Update: via Rick Jelliffe,
I think this is really promising. The WhatWG material will undoubtedly be the prime inputs for consideration. It would be nice if the WG had its minutes published in the open, given the public interest.
As I pointed out in a follow-up, while the minutes are obviously different, the archives for the mailing list are labeled “public-html”. 12 posts and counting, and yep: They’re public > http://lists.w3.org/Archives/Public/public-html/2007JanMar/
Thanks for your input, Rick! I most certainly hope your thoughts regarding the work of the WHATWG are exactly how things play out.
I don’t always have the kindest things to say both to and about the W3C, often criticizing them for their closed door, closed ear policy when it comes to listening to what the developers in whom use their technologies have to say on any given matter.
This time around is different,
http://www.w3.org/ — 7 March 2007 — Recognizing the importance of an open forum for the development of the predominant Web content technology, W3C today invites browser vendors, application developers, and content designers to help design the next version of HTML by participating in the new W3C HTML Working Group. Based on significant input from the design and developer communities within and outside the W3C Membership, W3C has chartered the group to conduct its work in public and to solicit broad participation from W3C Members and non-Members alike.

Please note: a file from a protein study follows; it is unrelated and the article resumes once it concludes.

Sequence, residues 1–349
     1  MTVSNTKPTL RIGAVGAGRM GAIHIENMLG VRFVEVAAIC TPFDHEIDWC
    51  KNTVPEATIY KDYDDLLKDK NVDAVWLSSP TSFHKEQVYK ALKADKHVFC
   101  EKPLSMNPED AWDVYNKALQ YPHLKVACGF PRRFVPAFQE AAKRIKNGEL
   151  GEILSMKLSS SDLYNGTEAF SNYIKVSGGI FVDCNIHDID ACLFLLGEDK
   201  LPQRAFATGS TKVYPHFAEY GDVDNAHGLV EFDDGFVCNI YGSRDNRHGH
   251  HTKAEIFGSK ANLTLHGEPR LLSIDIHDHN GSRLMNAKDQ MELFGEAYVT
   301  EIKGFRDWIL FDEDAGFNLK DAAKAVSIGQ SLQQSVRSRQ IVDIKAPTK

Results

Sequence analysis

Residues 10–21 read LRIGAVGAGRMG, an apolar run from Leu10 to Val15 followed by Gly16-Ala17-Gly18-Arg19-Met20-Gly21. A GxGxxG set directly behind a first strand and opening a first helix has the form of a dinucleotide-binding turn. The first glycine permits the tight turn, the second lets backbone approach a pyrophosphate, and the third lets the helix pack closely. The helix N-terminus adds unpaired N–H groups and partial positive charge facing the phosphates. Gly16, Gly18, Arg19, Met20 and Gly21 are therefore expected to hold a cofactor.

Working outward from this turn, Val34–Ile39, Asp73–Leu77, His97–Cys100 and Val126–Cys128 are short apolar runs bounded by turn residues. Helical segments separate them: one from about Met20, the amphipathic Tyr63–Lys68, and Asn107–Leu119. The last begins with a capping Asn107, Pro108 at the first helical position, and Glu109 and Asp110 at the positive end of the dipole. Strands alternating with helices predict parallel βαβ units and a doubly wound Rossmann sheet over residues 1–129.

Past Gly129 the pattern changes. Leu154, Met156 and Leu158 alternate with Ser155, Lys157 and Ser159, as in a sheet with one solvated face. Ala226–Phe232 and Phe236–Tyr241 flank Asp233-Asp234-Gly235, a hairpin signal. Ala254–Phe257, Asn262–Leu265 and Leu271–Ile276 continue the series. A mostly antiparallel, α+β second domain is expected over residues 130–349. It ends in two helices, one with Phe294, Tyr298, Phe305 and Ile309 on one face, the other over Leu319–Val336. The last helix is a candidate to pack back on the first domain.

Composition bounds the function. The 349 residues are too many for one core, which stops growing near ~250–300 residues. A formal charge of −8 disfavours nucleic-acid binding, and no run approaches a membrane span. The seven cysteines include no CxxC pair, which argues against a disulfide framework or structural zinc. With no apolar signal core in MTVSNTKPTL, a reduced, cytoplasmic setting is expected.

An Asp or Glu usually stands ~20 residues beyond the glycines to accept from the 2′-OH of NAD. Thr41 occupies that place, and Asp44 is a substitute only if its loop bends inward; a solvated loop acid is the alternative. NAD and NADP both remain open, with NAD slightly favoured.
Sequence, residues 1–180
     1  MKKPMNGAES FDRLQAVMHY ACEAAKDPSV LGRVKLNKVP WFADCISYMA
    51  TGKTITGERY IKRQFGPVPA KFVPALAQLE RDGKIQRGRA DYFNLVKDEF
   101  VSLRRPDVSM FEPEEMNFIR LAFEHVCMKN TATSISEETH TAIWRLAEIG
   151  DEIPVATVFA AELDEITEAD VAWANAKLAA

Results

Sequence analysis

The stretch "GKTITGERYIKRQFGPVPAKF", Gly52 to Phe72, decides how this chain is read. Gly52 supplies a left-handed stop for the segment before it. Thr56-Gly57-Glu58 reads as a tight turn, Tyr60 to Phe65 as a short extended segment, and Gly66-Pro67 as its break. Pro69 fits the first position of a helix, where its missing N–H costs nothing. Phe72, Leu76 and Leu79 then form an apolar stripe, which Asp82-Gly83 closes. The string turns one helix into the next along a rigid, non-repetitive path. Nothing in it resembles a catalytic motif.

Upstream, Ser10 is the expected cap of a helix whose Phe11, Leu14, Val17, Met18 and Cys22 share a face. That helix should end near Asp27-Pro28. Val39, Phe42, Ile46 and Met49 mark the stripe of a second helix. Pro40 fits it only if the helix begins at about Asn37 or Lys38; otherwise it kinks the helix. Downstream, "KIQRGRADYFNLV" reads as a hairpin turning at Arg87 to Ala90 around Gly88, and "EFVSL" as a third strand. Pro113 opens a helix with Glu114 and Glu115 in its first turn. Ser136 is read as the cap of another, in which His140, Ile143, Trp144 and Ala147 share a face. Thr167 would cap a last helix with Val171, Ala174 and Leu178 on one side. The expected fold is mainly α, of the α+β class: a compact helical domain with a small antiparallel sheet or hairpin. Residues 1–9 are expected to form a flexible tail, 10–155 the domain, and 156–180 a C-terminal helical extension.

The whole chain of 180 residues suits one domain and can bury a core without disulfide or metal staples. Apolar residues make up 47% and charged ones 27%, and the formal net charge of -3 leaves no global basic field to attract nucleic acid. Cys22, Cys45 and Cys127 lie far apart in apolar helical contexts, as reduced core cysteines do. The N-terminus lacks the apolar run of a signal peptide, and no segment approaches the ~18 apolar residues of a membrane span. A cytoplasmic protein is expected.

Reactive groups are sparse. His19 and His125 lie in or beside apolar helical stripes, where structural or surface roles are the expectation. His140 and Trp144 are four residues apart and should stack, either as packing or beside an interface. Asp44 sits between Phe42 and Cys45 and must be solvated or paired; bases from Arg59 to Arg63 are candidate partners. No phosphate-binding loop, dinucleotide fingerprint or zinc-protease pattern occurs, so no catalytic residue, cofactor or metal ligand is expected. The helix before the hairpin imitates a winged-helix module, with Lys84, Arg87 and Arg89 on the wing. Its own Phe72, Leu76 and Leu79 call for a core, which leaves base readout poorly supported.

“HTML started simply, with structured markup, no licensing requirements, and the ability to link to anything. More than anything, this simplicity and openness has led to its tremendous and continued success,” explained Tim Berners-Lee, W3C director and inventor of HTML. “It’s time to revisit the standard and see what we can do to meet the current community needs, and to do so effectively with commitments from browser manufacturers in a visible and open way.”
Good on ya W3C!